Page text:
Mr. Douthat defends blasphemers as necessary to the ‘liberal order’ of the West, using the attack and murders at Charlie Hebdo as his eventual point of reference, although the first order of business is a statement of principals.
1) The right to blaspheme (and otherwise give offense) is essential to the liberal order.
2) There is no duty to blaspheme, a society’s liberty is not proportional to the quantity of blasphemy it produces, and under many circumstances the choice to give offense (religious and otherwise) can be reasonably criticized as pointlessly antagonizing, needlessly cruel, or simply stupid.
3) The legitimacy and wisdom of such criticism is generally inversely proportional to the level of mortal danger that the blasphemer brings upon himself.
Then comes this unsurprising comment, not on the situation in Paris, but an extended rant on the corrupting influence of political correctness in American life : propagandizing is the first order of Mr. Douthat’s scribbling, not to speak of his utter American parochialism :
The first point means that laws against blasphemy (usually described these days as “restrictions on hate speech”) are inherently illiberal. The second point means that a certain cultural restraint about trafficking in blasphemy is perfectly compatible with liberal norms, and that there’s nothing illiberal about questioning the wisdom or propriety or decency of cartoons or articles or anything else that takes a crude or bigoted swing at something that a portion of the population holds sacred. Such questioning can certainly shade into illiberal territory — and does, all-too-frequently — depending on exactly how much pressure is exerted and how elastic the definition of “offensiveness” becomes. But our basic liberties are not necessarily endangered when, say, the Anti-Defamation League criticizes Mel Gibson’s portrayal of the Sanhedrin in “The Passion of the Christ” or the Catholic League denounces art exhibits in the style of “Piss Christ,” any more than they’re endangered by the absence of grotesque caricatures of Moses or the Virgin Mary from the pages of the Washington Post and New York Times. Liberty requires accepting the freedom to offend, yes, but it also allows people, institutions and communities to both call for and exercise restraint.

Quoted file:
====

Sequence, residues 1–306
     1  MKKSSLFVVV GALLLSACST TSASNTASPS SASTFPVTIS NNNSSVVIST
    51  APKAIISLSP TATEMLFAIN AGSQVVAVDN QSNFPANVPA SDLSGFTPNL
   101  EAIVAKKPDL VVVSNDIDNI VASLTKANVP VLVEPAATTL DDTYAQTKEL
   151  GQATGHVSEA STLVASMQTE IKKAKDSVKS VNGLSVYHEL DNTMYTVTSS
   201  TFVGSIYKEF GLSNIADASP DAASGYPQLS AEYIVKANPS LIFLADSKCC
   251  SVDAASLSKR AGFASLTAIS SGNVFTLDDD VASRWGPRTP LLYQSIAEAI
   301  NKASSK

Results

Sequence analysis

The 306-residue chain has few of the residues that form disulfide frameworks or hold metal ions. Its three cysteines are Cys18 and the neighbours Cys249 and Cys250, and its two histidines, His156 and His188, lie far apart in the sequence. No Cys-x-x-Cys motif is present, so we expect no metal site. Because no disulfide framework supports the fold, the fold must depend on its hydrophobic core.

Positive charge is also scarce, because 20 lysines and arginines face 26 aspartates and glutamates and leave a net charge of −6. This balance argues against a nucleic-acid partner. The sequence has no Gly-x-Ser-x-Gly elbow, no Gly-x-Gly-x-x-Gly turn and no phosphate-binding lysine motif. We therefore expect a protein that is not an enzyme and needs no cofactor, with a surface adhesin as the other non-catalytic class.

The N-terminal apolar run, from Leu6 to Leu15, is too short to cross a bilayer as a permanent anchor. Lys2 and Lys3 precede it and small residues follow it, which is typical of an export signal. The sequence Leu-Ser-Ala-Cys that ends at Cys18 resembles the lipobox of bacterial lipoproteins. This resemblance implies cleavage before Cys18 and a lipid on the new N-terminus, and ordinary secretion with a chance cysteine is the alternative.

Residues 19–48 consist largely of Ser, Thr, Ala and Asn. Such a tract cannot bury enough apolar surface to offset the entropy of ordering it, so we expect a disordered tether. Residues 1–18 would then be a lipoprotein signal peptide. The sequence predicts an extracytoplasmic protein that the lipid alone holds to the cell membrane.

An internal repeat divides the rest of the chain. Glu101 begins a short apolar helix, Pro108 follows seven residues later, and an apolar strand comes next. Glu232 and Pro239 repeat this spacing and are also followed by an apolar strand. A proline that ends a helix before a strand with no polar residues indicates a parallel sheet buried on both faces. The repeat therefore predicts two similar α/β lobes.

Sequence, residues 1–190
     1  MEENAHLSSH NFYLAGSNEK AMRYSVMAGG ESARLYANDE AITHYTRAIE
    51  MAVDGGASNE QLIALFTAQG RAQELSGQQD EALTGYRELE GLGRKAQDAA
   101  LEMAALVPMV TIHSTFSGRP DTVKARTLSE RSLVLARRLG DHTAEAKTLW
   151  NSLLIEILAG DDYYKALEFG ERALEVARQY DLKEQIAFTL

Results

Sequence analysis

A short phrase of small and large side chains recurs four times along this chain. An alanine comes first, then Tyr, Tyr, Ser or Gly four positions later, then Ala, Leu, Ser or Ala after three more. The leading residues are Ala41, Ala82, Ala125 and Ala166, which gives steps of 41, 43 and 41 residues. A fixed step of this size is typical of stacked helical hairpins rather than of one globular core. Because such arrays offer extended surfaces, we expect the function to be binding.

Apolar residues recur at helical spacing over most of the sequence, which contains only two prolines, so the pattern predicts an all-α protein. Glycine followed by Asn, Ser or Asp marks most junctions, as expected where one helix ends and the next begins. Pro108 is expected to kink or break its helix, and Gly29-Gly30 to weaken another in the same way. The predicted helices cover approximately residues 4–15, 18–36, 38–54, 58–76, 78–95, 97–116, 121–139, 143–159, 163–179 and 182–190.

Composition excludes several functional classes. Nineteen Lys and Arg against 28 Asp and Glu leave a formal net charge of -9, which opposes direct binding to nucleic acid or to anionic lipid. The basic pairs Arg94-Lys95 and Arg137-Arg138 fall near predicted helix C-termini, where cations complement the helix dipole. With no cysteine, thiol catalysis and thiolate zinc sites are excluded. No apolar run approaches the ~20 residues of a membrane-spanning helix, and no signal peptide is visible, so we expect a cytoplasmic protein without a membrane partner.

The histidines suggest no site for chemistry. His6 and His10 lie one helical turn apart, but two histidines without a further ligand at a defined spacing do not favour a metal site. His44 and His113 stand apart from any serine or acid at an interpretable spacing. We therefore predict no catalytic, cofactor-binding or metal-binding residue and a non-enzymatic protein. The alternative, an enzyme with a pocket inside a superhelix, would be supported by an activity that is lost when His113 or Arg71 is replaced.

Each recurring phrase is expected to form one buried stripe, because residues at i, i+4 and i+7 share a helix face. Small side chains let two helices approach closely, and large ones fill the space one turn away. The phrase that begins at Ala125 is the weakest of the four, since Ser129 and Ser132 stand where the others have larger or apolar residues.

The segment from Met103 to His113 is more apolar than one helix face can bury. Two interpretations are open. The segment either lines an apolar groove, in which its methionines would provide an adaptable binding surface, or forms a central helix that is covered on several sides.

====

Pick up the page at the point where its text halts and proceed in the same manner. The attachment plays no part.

He also mentions Tony Barber’s essay at the Financial Times among others: on the political schizophrenia at the FT, as that Party Line coalesces, I have written about in this post, which I insert here:
‘A significant number of those who have joined jihadi movements from France have been converts to Islam, including a number of women.David Thomson, a French journalist and author of Les Français Jihadistes, a book on the rise of Islamist militantism in France, says the rise of jihadism goes beyond the issue of simple alienation of Muslim youth. “Many of those I have made contact with are people from well integrated families, including those not from an immigrant or Muslim background,” he told the Financial Times in a recent interview.’
‘The English author Andrew Hussey, who lives in Paris, published a book last year called The French Intifada, in which he described France as “the world capital of liberty, equality and fraternity . . . under attack from the angry and dispossessed heirs to the French colonial project”. The murders in Paris throw down a challenge to French politicians and citizens to stand up for the republic’s core values and defeat political violence without succumbing to the siren songs of the far right.’
What is the emerging political orthodoxy on the question of this ‘terrorist attack’ ? This essay/report hints at the riots of 2005, but the first news story quotes an ‘expert’ on the ‘mirage'(well integrated members of Muslim families as jihadist candidates) of the blaming the complete lack of attempts to integrate immigrants and their children from the old empire.
See this Wiki entry on those 2005 riots:
If Jews had been the subject to such merciless attacks, as appeared in this French ‘satirical’ publication, the rightful exercise of opprobrium and condemnation would have been perfectly appropriate. But Europeans and Americans look upon Islam as the definition of the execrable other, rather than as part of the Abrahamic Tradition as our common inheritance, no matter what one might think/feel about this tradition, pro or con! The riots took place ten years ago!
There is much more to the Douthat essay as the critical reader will find as she/he reads it to it’s end. Brevity and succinctness are strangers to Douthat’s thought and rhetoric, allied to a pernicious American political/cultural parochialism.